Unknown ARTIST, Shield [Rainforest] Enlarge 1 /1

Unknown ARTIST

Rainforest people

Australia Unknown – Unknown

Shield [Rainforest] 19th - 20th Century Place made: Rainforest Region, Queensland, Australia
Materials & Technique: sculptures, woodwork, natural earth pigments on fig- tree wood

Dimensions: 97.5 h x 34.0 w x 6.0 d cm
Acknowledgement: Purchased 2005
Accession No: NGA 2005.600

The distinctive kidney shape of the shields of the Kukuyandji and related groups in the rainforests around Cairns, in the north of the Cape York Peninsula, derives from the buttress roots of the native fig tree from which they are hewn. Such shields feature a boss in the centre to provide increased strength, and a raised handle on the reverse. They were usually decorated by two initiated men painting symmetrical clan designs from opposite ends of the shield. The bold designs in red and yellow ochres and white, outlined in black, appear abstract but in fact are conventional representations of totemic creatures and plants, such as spiders, crabs, species of fish and a variety of trees and shrubs. Human blood would be mixed with the ochres to impart the maker’s spirit to the shield and to enhance its protective qualities. In the 1930s the anthropologist Ursula McConnel recorded the interpretations of a number of shield designs, and these patterns proved to be an influence on the work of the renowned Australian artist Margaret Preston.

The shields were used in ceremonial battles and in warfare. This particular example shows signs of much use—it bears indentations made by sword clubs and spears. Shields would also be given to young men during initiation ceremonies.

Wally Caruana


Text © National Gallery of Australia, Canberra 2010
From: Franchesca Cubillo and Wally Caruana (eds) Aboriginal and Torres Strait Islander Art: collection highlights National Gallery of Australia, Canberra, 2010

Highly distinctive shields such as this one were created by Aboriginal men in the rainforest clans of Far North Queensland for use in real battles and in ceremonial fights. They were shaped from the buttress roots of native figtrees in the rainforest, and then two initiated men would decorate the shield, painting from opposite ends. They painted the designs of the individual warrior, the owner’s kinship group or the clan using natural earth pigments, particularly red-brown, black and white. A shield maker added his blood to the pigment to impart his spirit and give the shield more power to protect the owner. The shield was then presented to a young man at his initiation ceremony.

This example is both visually stunning and historically significance due to its use in battle. Of elongated kidney shape, it has a central raised lug, is decorated with geometric totemic designs in red-brown, white and yellow, with black outlines, and shows battle scars from clubs and spears. Its back is roughly hewn with a raised, pierced handle.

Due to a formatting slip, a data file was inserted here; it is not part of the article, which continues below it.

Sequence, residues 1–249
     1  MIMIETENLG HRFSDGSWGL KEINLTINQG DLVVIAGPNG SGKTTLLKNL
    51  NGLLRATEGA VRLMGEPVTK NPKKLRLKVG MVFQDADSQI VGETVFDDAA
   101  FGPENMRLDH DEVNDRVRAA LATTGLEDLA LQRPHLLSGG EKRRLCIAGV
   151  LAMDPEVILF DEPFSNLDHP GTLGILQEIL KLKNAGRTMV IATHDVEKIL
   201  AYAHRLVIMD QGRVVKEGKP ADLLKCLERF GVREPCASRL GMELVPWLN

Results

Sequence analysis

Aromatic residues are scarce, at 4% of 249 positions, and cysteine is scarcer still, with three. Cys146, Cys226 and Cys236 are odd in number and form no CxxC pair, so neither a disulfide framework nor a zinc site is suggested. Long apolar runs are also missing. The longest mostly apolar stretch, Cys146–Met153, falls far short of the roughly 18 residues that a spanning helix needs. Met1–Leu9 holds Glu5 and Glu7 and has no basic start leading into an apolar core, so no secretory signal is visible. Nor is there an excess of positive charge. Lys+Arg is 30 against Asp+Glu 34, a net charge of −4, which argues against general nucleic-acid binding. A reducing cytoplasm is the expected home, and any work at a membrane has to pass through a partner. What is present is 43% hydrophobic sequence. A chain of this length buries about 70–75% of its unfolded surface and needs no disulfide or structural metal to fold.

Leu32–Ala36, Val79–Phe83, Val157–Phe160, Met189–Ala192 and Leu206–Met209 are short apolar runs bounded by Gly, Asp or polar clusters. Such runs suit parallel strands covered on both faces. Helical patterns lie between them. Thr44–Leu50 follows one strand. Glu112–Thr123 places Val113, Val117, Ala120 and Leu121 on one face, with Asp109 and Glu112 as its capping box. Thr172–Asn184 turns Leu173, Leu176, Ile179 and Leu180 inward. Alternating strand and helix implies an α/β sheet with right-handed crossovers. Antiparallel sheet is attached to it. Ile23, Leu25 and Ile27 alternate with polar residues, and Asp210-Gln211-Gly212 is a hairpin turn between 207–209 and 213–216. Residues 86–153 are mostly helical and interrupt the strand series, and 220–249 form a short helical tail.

Text © National Gallery of Australia, Canberra 2010
From: Ron Radford (ed), Collection highlights: National Gallery of Australia, National Gallery of Australia, Canberra, 2008

The distinctive kidney shape of the shields of the Yidinyji, Kukuyandji and related groups in the rainforests around Cairns, in the north of the Cape York Peninsula, derives from the buttress roots of the native fig tree from which they are hewn. Such shields feature a boss in the centre to provide increased strength, and a raised handle on the reverse. Two initiated men would typically decorate them by painting symmetrical clan designs from opposite ends of the shield.

The seemingly abstract ochred designs outlined in black are in fact conventional representations of totemic creatures and plants, such as spiders, crabs, species of fish and a variety of trees and shrubs. Human blood was mixed with the ochres to impart the maker’s spirit to the shield and to enhance its protective qualities. The shields were used in ceremonial battles and in warfare. This example shows signs of much use—it bears indentations made by sword clubs and spears. Shields would also be given to young men during initiation ceremonies.


Text © National Gallery of Australia, Canberra 2014
From: Collection highlights: National Gallery of Australia, National Gallery of Australia, Canberra, 2014

艺术家:未知
《加闻盾牌》(Jawun Shield)
19-20世纪
无花果树木,天然色料
97.50(高) x 34.00(宽) x 6.00(深)厘米
2005年购买
2005.600

约克角半岛北部、凯恩斯(Cairns)周围雨林地区库库延吉(Kukuyandji)人及相关部落人的盾牌呈独特肾形,用从当地无花果树上砍下的板状根制作而成。盾牌中心部位隆起以增大强度,背面有一个隆起把手。通常情况下,盾牌的装饰由两个人完成,分别从两端绘制对称的部落图案。用黑色勾勒的红黄天然色料和白色图案粗犷,显得抽象,但实际上是图腾动植物的传统表征,如蜘蛛、螃蟹、鱼类和各种各样的乔灌木。天然色料中混入人血,以赋予盾牌制作者的灵魂并增强其保护性。1930年代,人类学家厄休拉·麦康奈尔(Ursula McConnel)记载了大量盾牌图案的解释,结果证明,这些图案影响了著名澳大利亚艺术家玛格丽特·普勒斯顿(Margaret Preston)的作品。

这种盾牌用于仪式战斗表演和战争。迹象表明本盾牌经过大量使用——其上有刀剑和矛留下的缺口;盾牌要在成人礼仪式上交与年轻人。

Wally Caruana
瓦里·卡鲁阿那


Text © National Gallery of Australia, Canberra